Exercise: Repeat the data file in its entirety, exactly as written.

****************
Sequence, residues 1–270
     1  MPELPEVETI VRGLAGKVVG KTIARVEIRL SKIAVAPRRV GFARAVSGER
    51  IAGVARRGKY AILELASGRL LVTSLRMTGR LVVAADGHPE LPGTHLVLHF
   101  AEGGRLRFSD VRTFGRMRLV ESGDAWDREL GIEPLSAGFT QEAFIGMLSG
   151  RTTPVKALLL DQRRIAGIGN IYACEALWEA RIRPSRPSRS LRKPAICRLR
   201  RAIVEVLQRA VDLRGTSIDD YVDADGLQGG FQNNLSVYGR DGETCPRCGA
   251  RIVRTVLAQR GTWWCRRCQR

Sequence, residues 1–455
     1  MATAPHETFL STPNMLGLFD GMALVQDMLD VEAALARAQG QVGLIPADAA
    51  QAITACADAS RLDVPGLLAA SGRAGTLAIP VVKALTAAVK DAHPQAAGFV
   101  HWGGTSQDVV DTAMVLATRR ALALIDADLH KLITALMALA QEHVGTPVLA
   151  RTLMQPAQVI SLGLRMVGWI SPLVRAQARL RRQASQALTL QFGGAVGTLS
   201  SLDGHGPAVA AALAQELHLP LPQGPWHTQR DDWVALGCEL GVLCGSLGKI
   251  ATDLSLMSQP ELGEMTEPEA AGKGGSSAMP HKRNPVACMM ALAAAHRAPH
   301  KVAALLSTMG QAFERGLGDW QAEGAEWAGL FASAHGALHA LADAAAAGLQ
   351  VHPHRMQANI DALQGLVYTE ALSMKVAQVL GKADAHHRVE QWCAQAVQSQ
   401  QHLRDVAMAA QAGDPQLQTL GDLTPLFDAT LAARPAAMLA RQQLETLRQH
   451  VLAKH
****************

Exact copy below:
Sequence, residues 1–270
     1  MPELPEVETI VRGLAGKVVG KTIARVEIRL SKIAVAPRRV GFARAVSGER
    51  IAGVARRGKY AILELASGRL LVTSLRMTGR LVVAADGHPE LPGTHLVLHF
   101  AEGGRLRFSD VRTFGRMRLV ESGDAWDREL GIEPLSAGFT QEAFIGMLSG
   151  RTTPVKALLL DQRRIAGIGN IYACEALWEA RIRPSRPSRS LRKPAICRLR
   201  RAIVEVLQRA VDLRGTSIDD YVDADGLQGG FQNNLSVYGR DGETCPRCGA
   251  RIVRTVLAQR GTWWCRRCQR

Sequence, residues 1–455
     1  MATAPHETFL STPNMLGLFD GMALVQDMLD VEAALARAQG QVGLIPADAA
    51  QAITACADAS RLDVPGLLAA SGRAGTLAIP VVKALTAAVK DAHPQAAGFV
   101  HWGGTSQDVV DTAMVLATRR ALALIDADLH KLITALMALA QEHVGTPVLA
   151  RTLMQPAQVI SLGLRMVGWI SPLVRAQARL RRQASQALTL QFGGAVGTLS
   201  SLDGHGPAVA AALAQELHLP LPQGPWHTQR DDWVALGCEL GVLCGSLGKI
   251  ATDLSLMSQP ELGEMTEPEA AGKGGSSAMP HKRNPVACMM ALAAAHRAPH
   301  KVAALLSTMG QAFERGLGDW QAEGAEWAGL FASAHGALHA LADAAAAGLQ
   351  VHPHRMQANI DALQGLVYTE ALSMKVAQVL GKADAHHRVE QWCAQAVQSQ
   401  QHLRDVAMAA QAGDPQLQTL GDLTPLFDAT LAARPAAMLA RQQLETLRQH
   451  VLAKH